Juan Cole gives an excellent definition of "Neoconservative":
Warning: The text below will use the word "Neoconservative." In my lexicon, a Neoconservative is a person from a social group that typically voted Democrat before 1968 but now votes Republican. Neoconservatives include all the white southern Christian denominations, such as the Southern Baptists, that emigrated from the Democratic Party to the Republican Party as a result of the Nixon strategy, as well as the Reagan Democrats (largely working-class Catholics) and Jewish Americans who trod the same path. Neoconservatives tend to be far-right Zionists in the Jabotinsky tradition, whether they are Jews or Christian Zionists, and they are associated with a desire to ethnically cleanse the Palestinians from the West Bank or at least to so circumscribe their existence there as to render them nonentities. The latest Neoconservative to enlist in the cause is Zell Miller, and he typifies the anger, recklessness and disregard for open, democratic values that characterize the movement.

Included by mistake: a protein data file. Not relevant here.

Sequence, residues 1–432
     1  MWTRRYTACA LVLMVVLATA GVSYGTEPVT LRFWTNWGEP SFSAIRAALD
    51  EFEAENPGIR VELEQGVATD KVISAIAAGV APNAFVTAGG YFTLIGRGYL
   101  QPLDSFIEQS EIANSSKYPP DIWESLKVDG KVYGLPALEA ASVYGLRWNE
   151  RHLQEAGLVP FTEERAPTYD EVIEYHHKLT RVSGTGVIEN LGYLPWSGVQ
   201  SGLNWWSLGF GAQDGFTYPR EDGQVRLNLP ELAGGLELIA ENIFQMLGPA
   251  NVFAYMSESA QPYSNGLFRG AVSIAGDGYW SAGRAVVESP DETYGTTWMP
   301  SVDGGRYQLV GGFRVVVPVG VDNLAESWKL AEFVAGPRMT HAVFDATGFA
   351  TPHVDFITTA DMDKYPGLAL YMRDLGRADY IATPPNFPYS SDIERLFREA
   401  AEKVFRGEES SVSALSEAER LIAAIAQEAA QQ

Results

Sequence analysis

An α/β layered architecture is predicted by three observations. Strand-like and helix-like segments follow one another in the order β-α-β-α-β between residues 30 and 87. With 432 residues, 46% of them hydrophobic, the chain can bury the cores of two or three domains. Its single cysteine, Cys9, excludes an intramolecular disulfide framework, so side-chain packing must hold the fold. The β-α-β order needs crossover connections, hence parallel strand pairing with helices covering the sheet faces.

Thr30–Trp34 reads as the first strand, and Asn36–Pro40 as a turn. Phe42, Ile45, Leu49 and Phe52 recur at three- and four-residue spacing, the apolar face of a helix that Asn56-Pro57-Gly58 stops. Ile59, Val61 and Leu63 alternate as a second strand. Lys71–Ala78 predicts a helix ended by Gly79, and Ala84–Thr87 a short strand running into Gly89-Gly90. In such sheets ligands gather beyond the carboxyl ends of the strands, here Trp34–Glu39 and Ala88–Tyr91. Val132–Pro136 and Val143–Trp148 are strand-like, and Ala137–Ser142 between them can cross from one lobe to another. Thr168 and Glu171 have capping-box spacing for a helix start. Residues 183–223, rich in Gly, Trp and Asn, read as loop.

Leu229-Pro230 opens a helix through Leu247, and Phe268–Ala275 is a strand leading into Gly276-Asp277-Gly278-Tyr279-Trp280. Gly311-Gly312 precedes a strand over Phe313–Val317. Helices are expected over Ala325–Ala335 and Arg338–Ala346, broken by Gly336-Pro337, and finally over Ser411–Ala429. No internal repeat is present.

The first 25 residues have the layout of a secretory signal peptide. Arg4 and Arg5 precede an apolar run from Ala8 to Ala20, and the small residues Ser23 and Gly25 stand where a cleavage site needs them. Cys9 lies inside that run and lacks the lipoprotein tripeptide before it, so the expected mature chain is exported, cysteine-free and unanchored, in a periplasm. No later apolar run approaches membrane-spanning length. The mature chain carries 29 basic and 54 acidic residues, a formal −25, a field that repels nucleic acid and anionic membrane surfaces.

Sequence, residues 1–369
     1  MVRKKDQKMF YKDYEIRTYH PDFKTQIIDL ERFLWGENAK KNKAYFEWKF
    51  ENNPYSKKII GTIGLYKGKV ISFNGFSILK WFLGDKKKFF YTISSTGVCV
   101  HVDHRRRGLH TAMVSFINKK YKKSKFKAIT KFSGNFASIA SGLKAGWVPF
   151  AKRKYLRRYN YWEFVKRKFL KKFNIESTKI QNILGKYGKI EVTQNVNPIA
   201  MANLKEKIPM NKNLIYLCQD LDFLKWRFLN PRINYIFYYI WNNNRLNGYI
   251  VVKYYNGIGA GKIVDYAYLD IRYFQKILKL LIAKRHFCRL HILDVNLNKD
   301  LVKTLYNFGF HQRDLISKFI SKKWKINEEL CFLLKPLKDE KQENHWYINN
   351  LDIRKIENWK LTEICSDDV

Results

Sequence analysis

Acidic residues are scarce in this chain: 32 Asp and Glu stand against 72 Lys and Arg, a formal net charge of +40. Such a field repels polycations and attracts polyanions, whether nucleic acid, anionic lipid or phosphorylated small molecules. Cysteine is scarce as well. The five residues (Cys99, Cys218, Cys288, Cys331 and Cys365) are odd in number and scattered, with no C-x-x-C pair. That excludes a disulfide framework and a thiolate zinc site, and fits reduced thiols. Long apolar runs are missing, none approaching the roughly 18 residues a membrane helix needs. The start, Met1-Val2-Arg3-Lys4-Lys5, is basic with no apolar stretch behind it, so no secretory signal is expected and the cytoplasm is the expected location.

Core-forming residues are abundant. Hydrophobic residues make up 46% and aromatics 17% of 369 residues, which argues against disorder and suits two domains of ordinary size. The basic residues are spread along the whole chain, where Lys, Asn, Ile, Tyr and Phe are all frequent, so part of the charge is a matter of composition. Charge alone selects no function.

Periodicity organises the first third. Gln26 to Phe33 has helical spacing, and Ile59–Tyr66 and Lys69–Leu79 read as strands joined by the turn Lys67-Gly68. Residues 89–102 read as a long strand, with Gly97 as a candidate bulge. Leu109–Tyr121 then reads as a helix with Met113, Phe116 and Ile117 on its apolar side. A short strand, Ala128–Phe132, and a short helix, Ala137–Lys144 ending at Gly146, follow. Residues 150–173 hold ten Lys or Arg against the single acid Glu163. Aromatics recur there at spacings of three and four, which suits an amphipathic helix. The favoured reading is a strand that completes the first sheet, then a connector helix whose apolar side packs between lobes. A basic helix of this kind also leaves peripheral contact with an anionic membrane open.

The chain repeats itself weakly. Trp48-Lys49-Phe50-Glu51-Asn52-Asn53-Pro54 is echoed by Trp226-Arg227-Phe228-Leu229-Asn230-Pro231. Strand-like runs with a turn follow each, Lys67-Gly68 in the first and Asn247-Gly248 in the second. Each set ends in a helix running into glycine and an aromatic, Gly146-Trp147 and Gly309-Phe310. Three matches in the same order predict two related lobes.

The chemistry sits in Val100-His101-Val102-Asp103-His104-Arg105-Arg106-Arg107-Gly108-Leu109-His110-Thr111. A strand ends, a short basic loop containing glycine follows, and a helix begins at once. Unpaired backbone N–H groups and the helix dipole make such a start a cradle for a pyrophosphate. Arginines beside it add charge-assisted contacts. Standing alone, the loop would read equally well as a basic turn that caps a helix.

Neoconservatives have gained allies for themselves from some rightwing Realists, such as Dick Cheney and Donald Rumsfeld, to the extent that it may well be that the latter two have been converted to the Neoconservative ideology, which is distinctive because of its historical origins on the right of the old Democratic Party and in some cases in the far left (Christopher Hitchens is another example). Some have attempted to argue that the very term "Neoconservative" is a code word for derogatory attitudes toward Jews. This argument is mere special pleading and a playing of the race cared, however, insofar as only a tiny percentage of American Jews are Neoconservatives, and only a tiny percentage of Neoconservatives are Jews. The Neoconservative movement is an example of what social scientists call cross-cutting cleavages, which are multiple loyalties and identities typical of complex urban political societies.